The Cathedral is estimated to cost $100 million; the same amount the president ordered his finance minister to make available towards coronavirus preparedness efforts. Since then, it’s been a helluva roller coaster ride as Ghana confirms more and more cases. One patient has died, and the president has had to speak gravely to Ghanaians severally on national TV to assure the people that his government is on top of the issues, and to also encourage them to embrace publicized hygiene practices. Ghana has 24 confirmed cases to date and the rate of increase will keep growing. This is why the president’s addresses have been important. With absolute clarity, he has outlined the problem and justified his immediate, executive decisions to isolate affected persons and prevent large scale transmissions by closing down schools and universities and banning church and social gatherings beyond 25 persons. By attempting to limit movement of the broader Ghanaian population, and mandatorily quarantining people coming from affected nations, the president has unequivocally announced he is unafraid to do whatever it takes to keep Ghanaians safe.

While the president did not lack verbal clarity in his addresses, the gonads required to strictly enforce his drastic measures have seemed lacking. The National Identification Authority, headed by an academic that has until now been an authority on mob action and mob psychology, lacked the intellectual capacity and the good sense to understand that going ahead with Ghana Card mass registration exercises in the Eastern region flew in the face of the Commander-in-Chief’s direct orders banning mass gatherings. Government stooges immediately began to deploy PR photos of registrants sitting in accordance with W.H.O 2-metre distancing gaps, but social media remained unimpressed and responded with actual photos of the clusters of people in close proximity to each other in NIA sanctioned queues and booths.

It took the superior wisdom of a Court of Law to temporarily nip their senseless braggadocio in the bud, and immediately after, the NIA issued an offensive letter, revealing that the president’s directives were irrelevant where his reelection bid was concerned. By going ahead with eastern regional registrations, opinion leaders contended that the president was attempting to secure his second term in his party’s second stronghold at the expense of Ghanaian lives; one of a series of critical missteps and missed opportunities that might possibly increase the tally of coronavirus cases in the region if an infected person was among registrants.

While I am unhappy with the fragmented chain of command and the inconsistent messages comparing the president’s grasp of the problem and the NIA’s nonsense, I recognize that this president has the misfortune to make the toughest decisions a president of Ghana has ever made in peacetime, including the decision to lockdown the country in order to slow down community transmissions and flatten Ghana’s infection curve, which is currently higher than Italy’s was in the same number of days after first coronavirus confirmations. The president is screwed if he makes that call, and he is also screwed if he doesn’t make that call. In fact, while deciding between the calls, he is screwed in the waiting period. To understand his absolute screwage, we need to examine what exactly a lockdown in Ghana will look like, and why the president is probably taking his anxious time.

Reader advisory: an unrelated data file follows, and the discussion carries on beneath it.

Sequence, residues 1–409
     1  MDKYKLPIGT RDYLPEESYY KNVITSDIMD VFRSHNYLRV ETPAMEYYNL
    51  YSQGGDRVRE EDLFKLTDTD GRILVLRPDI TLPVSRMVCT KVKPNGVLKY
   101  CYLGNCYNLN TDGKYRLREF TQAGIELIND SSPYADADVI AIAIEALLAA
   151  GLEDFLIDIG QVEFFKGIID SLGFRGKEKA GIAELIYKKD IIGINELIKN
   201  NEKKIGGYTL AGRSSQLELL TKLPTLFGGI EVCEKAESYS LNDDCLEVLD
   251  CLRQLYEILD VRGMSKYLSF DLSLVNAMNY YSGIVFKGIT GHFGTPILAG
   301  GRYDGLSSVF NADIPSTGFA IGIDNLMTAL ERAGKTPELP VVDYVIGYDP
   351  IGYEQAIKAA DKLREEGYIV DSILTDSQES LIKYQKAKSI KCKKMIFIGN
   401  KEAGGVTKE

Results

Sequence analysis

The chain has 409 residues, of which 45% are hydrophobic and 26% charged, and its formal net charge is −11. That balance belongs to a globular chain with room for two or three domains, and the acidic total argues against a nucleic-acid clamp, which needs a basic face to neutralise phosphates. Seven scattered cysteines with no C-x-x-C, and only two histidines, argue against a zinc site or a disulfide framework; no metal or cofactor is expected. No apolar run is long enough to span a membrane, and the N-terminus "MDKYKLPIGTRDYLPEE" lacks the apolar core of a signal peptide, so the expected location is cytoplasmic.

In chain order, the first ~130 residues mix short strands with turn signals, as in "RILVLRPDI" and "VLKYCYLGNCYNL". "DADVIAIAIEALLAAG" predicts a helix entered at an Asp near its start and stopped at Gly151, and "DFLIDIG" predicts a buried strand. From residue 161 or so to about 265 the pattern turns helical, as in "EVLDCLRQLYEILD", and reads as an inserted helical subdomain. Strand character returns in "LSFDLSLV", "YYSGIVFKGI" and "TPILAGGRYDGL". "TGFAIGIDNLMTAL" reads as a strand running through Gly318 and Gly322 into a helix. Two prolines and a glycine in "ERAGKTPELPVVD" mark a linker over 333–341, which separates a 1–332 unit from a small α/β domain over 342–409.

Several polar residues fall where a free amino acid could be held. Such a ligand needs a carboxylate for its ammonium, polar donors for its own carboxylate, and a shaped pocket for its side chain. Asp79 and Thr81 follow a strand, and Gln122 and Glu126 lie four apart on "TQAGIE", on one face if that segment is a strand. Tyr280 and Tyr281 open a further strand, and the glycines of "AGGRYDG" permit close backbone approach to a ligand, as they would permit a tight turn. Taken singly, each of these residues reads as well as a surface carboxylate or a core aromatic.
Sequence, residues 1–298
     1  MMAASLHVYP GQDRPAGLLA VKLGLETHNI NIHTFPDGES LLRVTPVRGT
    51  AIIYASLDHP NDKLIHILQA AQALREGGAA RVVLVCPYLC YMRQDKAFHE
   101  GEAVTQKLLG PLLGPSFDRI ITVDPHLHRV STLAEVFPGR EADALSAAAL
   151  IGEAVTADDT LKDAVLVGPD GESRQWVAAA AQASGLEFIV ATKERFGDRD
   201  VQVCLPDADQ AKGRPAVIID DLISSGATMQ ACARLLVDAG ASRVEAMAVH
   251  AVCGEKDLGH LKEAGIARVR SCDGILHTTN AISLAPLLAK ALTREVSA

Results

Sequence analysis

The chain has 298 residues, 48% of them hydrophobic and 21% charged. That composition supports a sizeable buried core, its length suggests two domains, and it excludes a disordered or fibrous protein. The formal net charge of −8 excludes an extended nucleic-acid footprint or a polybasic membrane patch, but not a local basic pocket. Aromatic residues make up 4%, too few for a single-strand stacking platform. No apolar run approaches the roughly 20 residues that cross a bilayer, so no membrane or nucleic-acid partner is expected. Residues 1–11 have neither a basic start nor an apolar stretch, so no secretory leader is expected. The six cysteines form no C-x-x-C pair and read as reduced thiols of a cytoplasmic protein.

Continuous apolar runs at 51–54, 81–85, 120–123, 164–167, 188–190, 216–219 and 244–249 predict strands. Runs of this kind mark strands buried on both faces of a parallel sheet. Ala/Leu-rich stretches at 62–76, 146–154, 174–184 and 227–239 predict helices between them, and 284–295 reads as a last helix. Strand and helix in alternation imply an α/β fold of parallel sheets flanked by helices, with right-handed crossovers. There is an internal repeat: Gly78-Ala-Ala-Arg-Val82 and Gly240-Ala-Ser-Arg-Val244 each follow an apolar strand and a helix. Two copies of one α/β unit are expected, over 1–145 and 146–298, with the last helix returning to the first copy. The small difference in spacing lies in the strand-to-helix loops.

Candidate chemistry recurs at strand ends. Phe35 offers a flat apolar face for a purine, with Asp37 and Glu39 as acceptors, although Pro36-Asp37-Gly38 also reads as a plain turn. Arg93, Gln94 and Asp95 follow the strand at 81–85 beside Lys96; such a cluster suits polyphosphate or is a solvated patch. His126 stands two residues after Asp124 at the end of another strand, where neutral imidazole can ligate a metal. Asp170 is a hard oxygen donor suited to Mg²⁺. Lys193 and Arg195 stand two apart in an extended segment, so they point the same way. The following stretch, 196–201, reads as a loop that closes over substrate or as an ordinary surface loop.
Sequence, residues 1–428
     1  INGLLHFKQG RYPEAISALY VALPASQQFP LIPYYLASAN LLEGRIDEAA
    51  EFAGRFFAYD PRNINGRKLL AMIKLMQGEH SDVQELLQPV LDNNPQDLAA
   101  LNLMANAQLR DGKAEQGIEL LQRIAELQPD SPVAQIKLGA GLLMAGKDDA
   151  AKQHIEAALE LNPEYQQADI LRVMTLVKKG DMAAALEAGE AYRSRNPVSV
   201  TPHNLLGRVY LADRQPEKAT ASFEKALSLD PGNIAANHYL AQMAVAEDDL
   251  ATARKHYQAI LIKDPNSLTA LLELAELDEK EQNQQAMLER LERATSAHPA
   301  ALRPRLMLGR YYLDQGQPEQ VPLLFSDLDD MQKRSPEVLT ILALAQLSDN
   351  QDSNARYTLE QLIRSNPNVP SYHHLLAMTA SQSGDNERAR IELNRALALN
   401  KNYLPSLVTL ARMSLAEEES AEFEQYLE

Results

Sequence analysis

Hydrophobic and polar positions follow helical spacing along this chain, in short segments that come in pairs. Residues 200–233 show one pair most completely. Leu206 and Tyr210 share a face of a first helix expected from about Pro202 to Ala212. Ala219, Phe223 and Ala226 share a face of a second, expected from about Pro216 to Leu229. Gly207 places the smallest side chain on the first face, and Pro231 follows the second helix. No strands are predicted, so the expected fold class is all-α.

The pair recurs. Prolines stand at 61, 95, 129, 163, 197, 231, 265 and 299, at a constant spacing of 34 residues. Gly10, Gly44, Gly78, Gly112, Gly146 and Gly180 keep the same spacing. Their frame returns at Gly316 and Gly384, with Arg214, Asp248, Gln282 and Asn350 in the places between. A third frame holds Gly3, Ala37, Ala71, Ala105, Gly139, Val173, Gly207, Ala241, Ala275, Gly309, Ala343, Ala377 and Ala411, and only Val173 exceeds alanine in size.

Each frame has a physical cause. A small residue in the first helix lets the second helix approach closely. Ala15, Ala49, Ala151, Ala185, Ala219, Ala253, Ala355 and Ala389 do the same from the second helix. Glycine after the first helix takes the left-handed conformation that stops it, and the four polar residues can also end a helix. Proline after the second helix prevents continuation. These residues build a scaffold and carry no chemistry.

On average, a visitor to Ghana spends around GH¢41 ($7.38) per day. In Accra, the average Ghanaian spends GH¢14 ($2.50) on meals a day, and GH¢13 ($2.43) on trotro. When you add rent, water, electricity, internet and side chicks, there really isn’t enough to go around having three square meal supplies beyond 2 days without needing to restock. If you throw the pure water seller into the equation, you can’t lockdown Ghana beyond 6 hours a day. The president must clearly be worried about the economy taking huge hits from a lockdown in addition to the hits we are taking for falling oil prices.

Unlike the UK, and until the $100 million money arrives, government must be extremely worried about feeding people in a lockdown. Government cannot pay all of us; neither can it send a collapsed food distribution corporation to bring Ghanaians food in their homes. The fear of economic collapse is what likely fed the late closure of our borders and airport, and the fear of not being able to feed Ghanaians is what feeds into allowing businesses to continue to operate until lockdown. Without adequately answering these concerns, a lockdown will place curfews on hungry people. Before long, those people will revolt from not being able to feed their families and themselves and usher in an unrest that can quickly escalate the infection rate and mess up the economy.

Enforcing a lockdown requires the security agencies. The president couldn’t keep a rein on the miserable NIA. He would need to highly equip the Ghana Armed Forces and the Ghana Police Service before he can ask them to assume the all-out risk of enforcing a lockdown. Without appropriate gear, we might lose a full quarter of our security because the rate of spread to date of the coronavirus suggests that the years of health sector fuckery by governments and an incompetent NHI system will catch up to us by the time we hit 400 cases. These costs require careful thinking before lockdown enforcement. This is the reason we are asked to fast and pray because, to be honest, we will be overwhelmed faster than western countries have been, and while all the talk of sanitation will help, the vast majority of our people are too poor to make sense of the gravity of the situation and alter their lifestyles accordingly.

In spite of the above challenges, government needs to lockdown by Friday, March 27 or risk having an Italy on its hands. And these are the reasons, beginning with an address of the predicaments outlined above:

(1) While clearly broke and at risk of messing up the Ghanaian economy, a lockdown will provide pause for the government to assess organic compliance and estimate what level of preparedness to send enforcement troops in. Ultimately, people may comply with the strong suggestions, and government can then recommend only essential movements. This might remove the delay in imposing the needed restrictive measures without spending too much. The problem of food access for the poor and the need to thin down numbers in our markets can be cured if government operated shift systems in local markets. Indelible inks can cut down sellers’ numbers to one-fifth of total market capacity a day, and buyers will have only one day in a week to do their weekly shopping of basic foodstuffs. This means fencing markets and putting in incorruptible prefects.